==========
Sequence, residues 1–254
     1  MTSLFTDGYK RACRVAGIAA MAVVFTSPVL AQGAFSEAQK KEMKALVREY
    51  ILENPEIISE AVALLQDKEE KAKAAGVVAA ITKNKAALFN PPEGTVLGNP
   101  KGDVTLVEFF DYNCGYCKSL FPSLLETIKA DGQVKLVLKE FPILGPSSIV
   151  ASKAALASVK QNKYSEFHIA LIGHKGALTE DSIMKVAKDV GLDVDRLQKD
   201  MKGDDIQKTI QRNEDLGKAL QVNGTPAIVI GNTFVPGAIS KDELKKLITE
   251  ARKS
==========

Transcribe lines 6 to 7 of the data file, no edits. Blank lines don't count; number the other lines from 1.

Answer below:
   201  MKGDDIQKTI QRNEDLGKAL QVNGTPAIVI GNTFVPGAIS KDELKKLITE
   251  ARKS